PARIS (AP) — France's Socialist leader summoned three CEOs to the presidential palace on Monday to orchestrate the sale of Alstom, an engineering firm and treasure of French industry, in the government's latest effort to bring globalization to heel.
President Francois Hollande's decision to jump into the talks on a proposed merger with either General Electric or Siemens is part of a long tradition of French state interference in corporate life that claims to protect national security and to keep jobs and companies in the country.
This government has already scuttled Yahoo's attempt to buy a videosharing website, gotten into a spat with a freewheeling American CEO over the work habits of workers in a factory for sale, and tried unsuccessfully to stack the deck in the sale of a mobile phone company.
In Alstom's case, the economy minister stepped in early to suspend any potential deal between GE and Alstom, estimated to be worth around 10.5 billion euros ($14.5 billion). That gave time to Siemens, a German conglomerate, to enter the negotiations at the last minute, bolstering Alstom's — and the French government's — negotiating position.
The three companies are leaders in making vital equipment for power generation, and analysts say any merger could shift the dynamics of the power industry for years to come. In addition, Alstom pioneered TGV high-speed trains and exported them around the world.
Alstom's roots stretch back nearly a century, and French Economy Minister Arnaud Montebourg pointedly recalled that it depends on public contracts, even if the state has a stake of less than 1 percent.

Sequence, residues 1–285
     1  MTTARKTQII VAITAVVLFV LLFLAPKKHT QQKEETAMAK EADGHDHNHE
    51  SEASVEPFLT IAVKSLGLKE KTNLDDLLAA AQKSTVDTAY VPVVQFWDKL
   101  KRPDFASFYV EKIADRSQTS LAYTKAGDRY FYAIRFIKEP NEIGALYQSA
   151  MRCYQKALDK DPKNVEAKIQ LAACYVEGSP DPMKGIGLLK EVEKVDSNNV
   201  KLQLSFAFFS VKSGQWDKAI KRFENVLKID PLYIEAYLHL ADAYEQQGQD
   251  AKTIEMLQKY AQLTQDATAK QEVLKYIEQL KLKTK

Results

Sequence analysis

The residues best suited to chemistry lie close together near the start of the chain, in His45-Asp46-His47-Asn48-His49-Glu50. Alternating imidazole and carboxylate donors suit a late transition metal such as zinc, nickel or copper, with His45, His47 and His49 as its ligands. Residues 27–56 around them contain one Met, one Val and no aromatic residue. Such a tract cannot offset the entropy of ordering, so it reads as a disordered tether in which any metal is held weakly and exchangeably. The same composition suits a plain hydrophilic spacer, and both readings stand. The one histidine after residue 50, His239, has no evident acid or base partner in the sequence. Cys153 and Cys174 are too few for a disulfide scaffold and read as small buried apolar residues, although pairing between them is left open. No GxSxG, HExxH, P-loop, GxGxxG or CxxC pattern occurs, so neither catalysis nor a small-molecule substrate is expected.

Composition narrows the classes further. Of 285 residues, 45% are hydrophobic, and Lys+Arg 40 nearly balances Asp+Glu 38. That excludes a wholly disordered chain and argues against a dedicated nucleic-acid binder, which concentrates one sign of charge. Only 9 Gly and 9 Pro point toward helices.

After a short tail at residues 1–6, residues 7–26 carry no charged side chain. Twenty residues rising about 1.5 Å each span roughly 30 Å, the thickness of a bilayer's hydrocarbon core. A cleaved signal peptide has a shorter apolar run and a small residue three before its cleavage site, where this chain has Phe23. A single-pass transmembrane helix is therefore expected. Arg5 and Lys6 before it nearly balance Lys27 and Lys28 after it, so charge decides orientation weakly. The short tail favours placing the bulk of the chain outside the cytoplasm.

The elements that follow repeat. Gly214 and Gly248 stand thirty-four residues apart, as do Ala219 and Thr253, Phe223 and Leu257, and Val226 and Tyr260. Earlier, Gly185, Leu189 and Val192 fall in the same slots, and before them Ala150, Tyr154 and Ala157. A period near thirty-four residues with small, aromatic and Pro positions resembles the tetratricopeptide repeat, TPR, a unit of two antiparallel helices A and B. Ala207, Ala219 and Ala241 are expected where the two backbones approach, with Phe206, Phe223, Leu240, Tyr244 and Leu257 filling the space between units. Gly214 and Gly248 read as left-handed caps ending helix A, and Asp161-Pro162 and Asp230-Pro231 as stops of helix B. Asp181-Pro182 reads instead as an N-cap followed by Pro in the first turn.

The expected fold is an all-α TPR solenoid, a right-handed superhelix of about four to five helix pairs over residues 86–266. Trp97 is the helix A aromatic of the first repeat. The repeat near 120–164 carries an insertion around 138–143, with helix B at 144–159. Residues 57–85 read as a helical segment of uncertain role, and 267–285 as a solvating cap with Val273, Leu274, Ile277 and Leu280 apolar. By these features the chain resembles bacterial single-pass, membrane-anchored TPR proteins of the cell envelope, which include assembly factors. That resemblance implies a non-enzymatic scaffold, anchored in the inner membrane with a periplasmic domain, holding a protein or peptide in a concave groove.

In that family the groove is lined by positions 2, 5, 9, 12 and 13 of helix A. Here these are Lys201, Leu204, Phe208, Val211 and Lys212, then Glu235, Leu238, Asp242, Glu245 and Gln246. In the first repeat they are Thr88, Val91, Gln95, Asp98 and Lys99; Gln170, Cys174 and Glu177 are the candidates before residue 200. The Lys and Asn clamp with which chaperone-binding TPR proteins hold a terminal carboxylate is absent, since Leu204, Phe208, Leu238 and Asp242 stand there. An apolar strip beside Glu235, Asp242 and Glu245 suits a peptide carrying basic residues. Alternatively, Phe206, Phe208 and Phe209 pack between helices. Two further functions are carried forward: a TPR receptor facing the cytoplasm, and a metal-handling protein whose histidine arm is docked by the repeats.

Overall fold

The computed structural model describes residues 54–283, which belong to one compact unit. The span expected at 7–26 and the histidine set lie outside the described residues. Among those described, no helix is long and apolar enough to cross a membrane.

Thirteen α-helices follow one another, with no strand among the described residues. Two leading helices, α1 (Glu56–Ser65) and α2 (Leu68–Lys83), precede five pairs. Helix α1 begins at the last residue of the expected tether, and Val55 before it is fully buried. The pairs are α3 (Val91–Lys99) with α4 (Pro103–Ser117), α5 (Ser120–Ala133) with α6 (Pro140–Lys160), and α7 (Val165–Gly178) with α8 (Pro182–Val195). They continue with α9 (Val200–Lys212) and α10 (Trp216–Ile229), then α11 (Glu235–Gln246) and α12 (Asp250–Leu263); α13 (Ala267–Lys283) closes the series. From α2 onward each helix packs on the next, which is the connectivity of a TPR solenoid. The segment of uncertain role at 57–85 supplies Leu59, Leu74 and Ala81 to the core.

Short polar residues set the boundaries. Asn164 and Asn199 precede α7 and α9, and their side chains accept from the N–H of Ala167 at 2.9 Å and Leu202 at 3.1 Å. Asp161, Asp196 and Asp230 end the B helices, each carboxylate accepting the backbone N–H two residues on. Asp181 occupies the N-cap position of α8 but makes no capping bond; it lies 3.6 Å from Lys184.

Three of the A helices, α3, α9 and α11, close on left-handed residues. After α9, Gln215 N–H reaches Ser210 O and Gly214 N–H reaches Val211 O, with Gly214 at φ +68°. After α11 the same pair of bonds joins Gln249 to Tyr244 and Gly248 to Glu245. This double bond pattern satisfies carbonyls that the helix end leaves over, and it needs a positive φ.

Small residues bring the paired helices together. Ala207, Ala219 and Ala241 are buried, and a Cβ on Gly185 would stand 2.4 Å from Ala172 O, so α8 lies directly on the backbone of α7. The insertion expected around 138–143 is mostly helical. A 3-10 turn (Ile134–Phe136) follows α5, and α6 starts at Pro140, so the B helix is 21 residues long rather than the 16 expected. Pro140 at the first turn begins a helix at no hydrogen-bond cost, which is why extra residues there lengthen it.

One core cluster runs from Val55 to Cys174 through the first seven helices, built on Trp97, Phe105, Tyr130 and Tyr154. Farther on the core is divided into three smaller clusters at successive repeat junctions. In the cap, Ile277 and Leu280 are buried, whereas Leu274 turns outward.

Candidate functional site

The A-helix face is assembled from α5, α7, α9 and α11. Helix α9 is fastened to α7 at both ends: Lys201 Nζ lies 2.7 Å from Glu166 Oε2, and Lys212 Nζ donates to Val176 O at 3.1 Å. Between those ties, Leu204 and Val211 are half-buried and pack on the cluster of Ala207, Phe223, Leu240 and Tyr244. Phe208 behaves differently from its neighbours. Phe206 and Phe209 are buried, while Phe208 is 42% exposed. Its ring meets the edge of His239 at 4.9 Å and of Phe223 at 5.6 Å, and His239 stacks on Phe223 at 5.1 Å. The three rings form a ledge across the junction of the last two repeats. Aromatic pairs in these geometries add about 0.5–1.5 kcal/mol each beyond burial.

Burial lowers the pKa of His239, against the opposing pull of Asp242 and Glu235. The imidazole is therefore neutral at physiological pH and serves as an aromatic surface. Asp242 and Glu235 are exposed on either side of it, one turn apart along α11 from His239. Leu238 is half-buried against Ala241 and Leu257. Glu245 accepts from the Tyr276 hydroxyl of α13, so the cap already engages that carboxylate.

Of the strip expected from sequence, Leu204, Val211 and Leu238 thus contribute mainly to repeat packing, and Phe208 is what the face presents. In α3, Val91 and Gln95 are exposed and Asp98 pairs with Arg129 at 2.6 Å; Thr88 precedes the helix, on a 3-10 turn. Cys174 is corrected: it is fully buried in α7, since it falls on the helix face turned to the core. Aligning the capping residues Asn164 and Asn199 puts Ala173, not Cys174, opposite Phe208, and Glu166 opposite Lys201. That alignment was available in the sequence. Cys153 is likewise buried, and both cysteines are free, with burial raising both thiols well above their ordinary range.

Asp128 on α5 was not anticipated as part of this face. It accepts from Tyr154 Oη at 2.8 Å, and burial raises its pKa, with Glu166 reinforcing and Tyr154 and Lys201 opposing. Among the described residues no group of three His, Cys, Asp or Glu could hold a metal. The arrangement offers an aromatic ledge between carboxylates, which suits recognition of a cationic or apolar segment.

"We realize that the stockholders have an interest, but the government also has interests and ours are for economic sovereignty," Montebourg, whose job includes industrial renewal, told RTL radio on Monday. "French companies are not prey."
Montebourg, an outspoken Socialist, has stopped deals before, as have previous conservative governments. What to many in the U.S. or Britain might be called protectionism has a different word in French — dirigisme —that better translates as "directionism."
"The government has a voice," Hollande said Monday. "I have only one criteria: What is best for keeping business and jobs in France? And only one obligation, because I am the head of state: What will ensure France's energy independence?"
But ultimately, there is little the government can do beyond putting pressure on companies through rhetoric, according to Laurent Warlouzet, a professor at the London School of Economics who studies the history of French industrial policy.
"There is a discrepancy in France in my opinion between the discourse and the reality," Warlouzet said. Between globalization and European Union regulations, he added, French politicians "don't have a lot of power anymore."
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